# Calculate number of solutions for $\sum_{i=1}^k i\cdot x_i = n$ [duplicate]

Is there a general method to find the number of non-negative integral solutions for $$\sum_{i=1}^k i\cdot x_i = n$$

• I have no good answer, but it seems to me that you are opening the door to the theory of integer partitions. – Sangchul Lee Oct 7 '17 at 17:40
• – Sil Oct 7 '17 at 18:03

$$\sum_{i=1}^k i\cdot x_i = n$$ can be rewritten as $$1 \le y_1 \le y_2 \le \ldots \le y_m \le k,\,\, \sum_{j=1}^m y_j = n$$ where $m$ is not fixed. This is a restricted partition (specifically a partition of $n$ into parts not exceeding $k$), and the values you seek are tabulated in the Online Encyclopedia of Integer Sequences as A026820.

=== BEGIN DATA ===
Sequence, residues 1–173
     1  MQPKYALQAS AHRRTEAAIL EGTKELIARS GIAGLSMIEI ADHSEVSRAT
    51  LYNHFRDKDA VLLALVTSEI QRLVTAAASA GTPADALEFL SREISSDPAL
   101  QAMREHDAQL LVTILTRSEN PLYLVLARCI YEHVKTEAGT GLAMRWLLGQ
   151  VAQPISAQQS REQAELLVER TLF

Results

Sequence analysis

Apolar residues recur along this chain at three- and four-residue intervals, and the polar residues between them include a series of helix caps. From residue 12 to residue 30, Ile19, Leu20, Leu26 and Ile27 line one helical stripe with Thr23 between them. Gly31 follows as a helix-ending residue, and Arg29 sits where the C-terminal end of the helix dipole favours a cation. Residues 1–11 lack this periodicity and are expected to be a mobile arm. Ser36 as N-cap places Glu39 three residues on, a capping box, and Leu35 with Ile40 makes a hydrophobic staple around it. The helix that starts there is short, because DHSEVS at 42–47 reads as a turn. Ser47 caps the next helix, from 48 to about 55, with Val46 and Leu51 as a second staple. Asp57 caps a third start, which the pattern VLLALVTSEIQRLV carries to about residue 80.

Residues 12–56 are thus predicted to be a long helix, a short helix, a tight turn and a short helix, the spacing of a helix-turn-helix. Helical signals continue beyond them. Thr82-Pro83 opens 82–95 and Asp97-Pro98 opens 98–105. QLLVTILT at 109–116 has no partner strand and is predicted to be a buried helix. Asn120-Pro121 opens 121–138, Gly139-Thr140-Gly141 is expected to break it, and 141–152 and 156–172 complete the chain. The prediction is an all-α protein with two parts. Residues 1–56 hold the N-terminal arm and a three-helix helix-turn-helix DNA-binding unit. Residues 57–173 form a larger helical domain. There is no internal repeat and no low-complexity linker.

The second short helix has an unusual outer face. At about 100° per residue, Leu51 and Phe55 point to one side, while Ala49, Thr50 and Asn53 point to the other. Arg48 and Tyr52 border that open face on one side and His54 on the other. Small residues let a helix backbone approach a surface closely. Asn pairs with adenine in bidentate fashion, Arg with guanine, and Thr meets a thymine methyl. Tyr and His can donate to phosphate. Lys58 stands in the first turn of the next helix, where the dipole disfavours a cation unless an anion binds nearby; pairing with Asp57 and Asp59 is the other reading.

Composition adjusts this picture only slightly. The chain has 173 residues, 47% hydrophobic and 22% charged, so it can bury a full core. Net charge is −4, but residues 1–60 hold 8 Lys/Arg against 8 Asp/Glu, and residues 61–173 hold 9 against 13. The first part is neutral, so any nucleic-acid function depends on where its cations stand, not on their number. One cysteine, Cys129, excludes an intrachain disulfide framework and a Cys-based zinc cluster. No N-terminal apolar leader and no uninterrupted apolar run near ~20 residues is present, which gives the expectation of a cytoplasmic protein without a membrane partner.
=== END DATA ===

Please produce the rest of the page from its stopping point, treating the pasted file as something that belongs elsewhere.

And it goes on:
Note in particular that OEIS gives the formula $T(n,k) = T(n,k-1) + T(n-k,k)$ which has a simple combinatoric explanation: a solution to $$\sum_{i=1}^k i\cdot x_i = n$$ either has $x_k = 0$, in which case it's a solution to $$\sum_{i=1}^{k-1} i\cdot x_i = n$$ or it has $x_k > 0$, in which case it's a solution to $$\sum_{i=1}^k i\cdot (x_i - [i = k]) = n-k$$
For small $k$, closed forms have been enumerated by Doron Zeilberger, although he would prefer to credit his computer, Shalosh B. Ekhad. A brief explanation is given in a joint paper with Andrew Sills.